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wildcat! wildcat!

Lollapalooza 2014 OEB Spotlight: Wildcat! Wildcat! – “Holloway (Hey Love)”

 

Pairs Well With… Passion Pit, Alt-J, M-83

 

Wildcat! Wildcat!’s lead singles from their upcoming debut full-length No Moon at All (due 8/5) are the real deal.  “Hero” is a pulsing synth-rock track has a hushed, yet epic nature.  “Holloway (Hey Love)” is an even more accomplished track, spaced out melodies twisting through a joyous march.  Wildcat! Wildcat! take a huge pop sound and then cut it in half, pulling back to not be abrasive to an indie ear.  Sick stuff.  Wildcat! Wildcat! have an early afternoon slot at Lollapalooza, Saturday at 1:30 on the Lake Shore stage, one of many reasons to spot up early at these big tent festivals. 

2013 Review: With only a triplet of released tracks floating around the web, Wildcat! Wildcat! are brimming with potential leading into SXSW.  The Los Angeles based trio builds their songs both organically and electronically, reaching towards a pulsing pop sound.  This isn’t quite radio-friendly material, rather Wildcat! Wildcat! focuses on inventive melodies and diversions with an experimental eye towards songwriting.  Their introverted style is similar to Passion Pit – you could beat your head to the beat or take a closer listen to discover a fully formed composition.  Dance pop, reggae, ambience and indie rock all take their turns within each track.  Wildcat! Wildcat! is the most interesting electronic-based artist I’ve reviewed so far (note: Lucas covers many of these), so I’m really hoping they can translate this well to the stage at SXSW.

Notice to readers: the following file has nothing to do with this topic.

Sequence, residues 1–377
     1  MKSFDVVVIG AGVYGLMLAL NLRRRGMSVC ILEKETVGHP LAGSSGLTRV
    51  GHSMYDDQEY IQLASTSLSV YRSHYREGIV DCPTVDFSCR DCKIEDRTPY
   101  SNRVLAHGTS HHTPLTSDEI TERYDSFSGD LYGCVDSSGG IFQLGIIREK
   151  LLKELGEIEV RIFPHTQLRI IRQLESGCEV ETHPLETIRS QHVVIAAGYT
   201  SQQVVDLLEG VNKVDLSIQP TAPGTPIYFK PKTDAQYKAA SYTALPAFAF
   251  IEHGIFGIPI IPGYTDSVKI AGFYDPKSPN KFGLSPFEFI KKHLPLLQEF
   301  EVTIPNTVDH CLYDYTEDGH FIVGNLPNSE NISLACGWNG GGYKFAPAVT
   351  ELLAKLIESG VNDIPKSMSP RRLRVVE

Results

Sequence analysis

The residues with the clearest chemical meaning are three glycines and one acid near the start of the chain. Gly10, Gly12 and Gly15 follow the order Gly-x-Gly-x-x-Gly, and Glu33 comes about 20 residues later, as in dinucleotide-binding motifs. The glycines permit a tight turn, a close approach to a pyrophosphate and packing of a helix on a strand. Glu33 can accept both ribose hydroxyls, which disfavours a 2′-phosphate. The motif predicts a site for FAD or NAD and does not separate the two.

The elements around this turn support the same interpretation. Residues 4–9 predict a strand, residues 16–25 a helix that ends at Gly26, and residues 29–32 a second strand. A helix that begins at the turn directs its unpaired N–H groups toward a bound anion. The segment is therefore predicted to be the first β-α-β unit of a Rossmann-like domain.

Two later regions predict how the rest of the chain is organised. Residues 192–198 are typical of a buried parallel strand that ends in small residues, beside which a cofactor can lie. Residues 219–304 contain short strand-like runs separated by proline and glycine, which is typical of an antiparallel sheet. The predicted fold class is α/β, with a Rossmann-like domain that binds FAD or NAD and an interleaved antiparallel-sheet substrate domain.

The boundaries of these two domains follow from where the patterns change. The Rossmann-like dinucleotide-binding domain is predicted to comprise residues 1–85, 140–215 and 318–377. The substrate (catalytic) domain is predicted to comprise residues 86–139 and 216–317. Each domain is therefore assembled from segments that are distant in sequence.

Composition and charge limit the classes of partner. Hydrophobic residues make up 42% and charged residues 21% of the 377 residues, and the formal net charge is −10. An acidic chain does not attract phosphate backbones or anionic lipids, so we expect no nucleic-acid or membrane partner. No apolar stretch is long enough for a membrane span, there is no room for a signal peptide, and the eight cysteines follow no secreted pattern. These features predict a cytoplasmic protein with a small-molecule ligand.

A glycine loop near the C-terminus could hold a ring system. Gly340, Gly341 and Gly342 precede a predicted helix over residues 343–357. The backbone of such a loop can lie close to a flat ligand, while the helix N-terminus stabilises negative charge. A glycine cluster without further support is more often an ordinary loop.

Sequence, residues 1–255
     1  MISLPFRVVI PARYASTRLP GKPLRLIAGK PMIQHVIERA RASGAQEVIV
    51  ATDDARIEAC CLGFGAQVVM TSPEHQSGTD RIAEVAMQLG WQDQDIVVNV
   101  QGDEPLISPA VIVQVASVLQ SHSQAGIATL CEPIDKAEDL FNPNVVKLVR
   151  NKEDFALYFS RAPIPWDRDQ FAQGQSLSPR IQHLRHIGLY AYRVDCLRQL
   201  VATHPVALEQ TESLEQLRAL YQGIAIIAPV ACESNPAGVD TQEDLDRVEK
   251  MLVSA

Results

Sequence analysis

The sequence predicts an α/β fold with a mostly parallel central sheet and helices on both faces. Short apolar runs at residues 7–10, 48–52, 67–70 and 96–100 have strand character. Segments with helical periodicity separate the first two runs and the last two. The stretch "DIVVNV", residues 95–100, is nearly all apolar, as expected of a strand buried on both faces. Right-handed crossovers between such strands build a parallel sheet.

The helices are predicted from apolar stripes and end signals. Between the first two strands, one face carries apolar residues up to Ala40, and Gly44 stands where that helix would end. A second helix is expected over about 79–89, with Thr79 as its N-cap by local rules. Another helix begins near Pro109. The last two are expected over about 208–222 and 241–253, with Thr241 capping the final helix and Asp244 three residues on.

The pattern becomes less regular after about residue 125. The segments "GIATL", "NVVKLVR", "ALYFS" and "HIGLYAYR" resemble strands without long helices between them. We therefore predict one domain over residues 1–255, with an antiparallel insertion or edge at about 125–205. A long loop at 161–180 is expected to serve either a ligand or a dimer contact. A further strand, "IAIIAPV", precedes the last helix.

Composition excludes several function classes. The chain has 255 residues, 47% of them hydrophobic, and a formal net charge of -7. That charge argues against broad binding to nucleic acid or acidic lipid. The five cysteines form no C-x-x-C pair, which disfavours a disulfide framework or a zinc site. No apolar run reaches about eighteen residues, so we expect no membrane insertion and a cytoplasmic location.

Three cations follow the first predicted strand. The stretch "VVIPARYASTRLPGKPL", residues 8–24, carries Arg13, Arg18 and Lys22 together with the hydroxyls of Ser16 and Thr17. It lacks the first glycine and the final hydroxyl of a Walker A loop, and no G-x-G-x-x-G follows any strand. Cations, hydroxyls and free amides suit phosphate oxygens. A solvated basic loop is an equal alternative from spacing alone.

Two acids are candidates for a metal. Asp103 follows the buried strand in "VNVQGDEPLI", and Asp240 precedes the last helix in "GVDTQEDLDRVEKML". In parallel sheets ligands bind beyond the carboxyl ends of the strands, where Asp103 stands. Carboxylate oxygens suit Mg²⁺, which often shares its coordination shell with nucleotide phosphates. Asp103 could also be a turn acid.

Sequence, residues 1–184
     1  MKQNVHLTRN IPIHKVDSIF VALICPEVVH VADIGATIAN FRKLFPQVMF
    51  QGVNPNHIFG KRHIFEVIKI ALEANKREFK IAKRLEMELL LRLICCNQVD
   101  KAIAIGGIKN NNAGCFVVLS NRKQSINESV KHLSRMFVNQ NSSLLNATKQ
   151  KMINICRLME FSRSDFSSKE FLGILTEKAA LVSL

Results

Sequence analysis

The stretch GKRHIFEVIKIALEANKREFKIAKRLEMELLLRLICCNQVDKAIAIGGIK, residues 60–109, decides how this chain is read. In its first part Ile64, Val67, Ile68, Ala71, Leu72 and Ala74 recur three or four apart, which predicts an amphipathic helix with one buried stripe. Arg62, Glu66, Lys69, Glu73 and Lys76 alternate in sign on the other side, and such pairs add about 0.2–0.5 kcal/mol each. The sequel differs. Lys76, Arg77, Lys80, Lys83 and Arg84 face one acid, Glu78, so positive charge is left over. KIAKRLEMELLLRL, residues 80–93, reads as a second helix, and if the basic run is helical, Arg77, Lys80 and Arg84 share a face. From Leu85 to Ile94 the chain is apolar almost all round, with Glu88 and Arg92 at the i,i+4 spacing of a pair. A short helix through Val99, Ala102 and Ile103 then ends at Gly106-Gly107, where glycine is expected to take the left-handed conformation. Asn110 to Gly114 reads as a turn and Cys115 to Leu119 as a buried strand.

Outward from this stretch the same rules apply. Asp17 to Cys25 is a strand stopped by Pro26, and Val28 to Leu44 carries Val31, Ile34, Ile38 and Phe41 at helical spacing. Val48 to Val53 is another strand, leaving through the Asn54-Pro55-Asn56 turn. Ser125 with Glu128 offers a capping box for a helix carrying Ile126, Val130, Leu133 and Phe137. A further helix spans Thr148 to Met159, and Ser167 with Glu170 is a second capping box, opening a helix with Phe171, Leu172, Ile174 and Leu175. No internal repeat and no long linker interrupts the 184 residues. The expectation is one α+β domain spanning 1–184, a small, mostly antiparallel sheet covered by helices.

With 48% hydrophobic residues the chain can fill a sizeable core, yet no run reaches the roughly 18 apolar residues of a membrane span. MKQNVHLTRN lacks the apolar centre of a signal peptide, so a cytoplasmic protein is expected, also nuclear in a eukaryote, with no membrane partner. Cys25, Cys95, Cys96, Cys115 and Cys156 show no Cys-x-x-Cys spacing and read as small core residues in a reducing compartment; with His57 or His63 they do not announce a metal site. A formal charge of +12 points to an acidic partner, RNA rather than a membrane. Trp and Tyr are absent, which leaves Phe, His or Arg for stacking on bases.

Wildcat! Wildcat! – “Mr. Quiche”

 

Pairs Well With… Passion Pit, Grouplove, Alt-J

 

With only a triplet of released tracks floating around the web, Wildcat! Wildcat! are brimming with potential leading into SXSW.  The Los Angeles based trio builds their songs both organically and electronically, reaching towards a pulsing pop sound.  This isn’t quite radio-friendly material, rather Wildcat! Wildcat! focuses on inventive melodies and diversions with an experimental eye towards songwriting.  Their introverted style is similar to Passion Pit – you could beat your head to the beat or take a closer listen to discover a fully formed composition.  Dance pop, reggae, ambience and indie rock all take their turns within each track.  Wildcat! Wildcat! is the most interesting electronic-based artist I’ve reviewed so far (note: Lucas covers many of these), so I’m really hoping they can translate this well to the stage at SXSW.      

SXSW 2013 Spreadsheet 56:

Both new acts and returning OEB favorites make up this latest set, with eight bands scoring a “5” or above.  Highlights:

The Whigs (10) - Songs like “Gospel” and “Waiting” exhibit a tied-in rhythm section that is often overlooked with bands focusing on instrumental dynamics so much these last couple of years.
Wildcat! Wildcat! (9) - This isn’t quite radio-friendly material, rather Wildcat! Wildcat! focuses on inventive melodies and diversions with an experimental eye towards songwriting.
Whitehorse (8) - The vocal back-and-forth they display on tracks like “Mismatched Eyes” and “Achilles’ Desire” is enchanting, an interplay that continues musically throughout the bluesy record.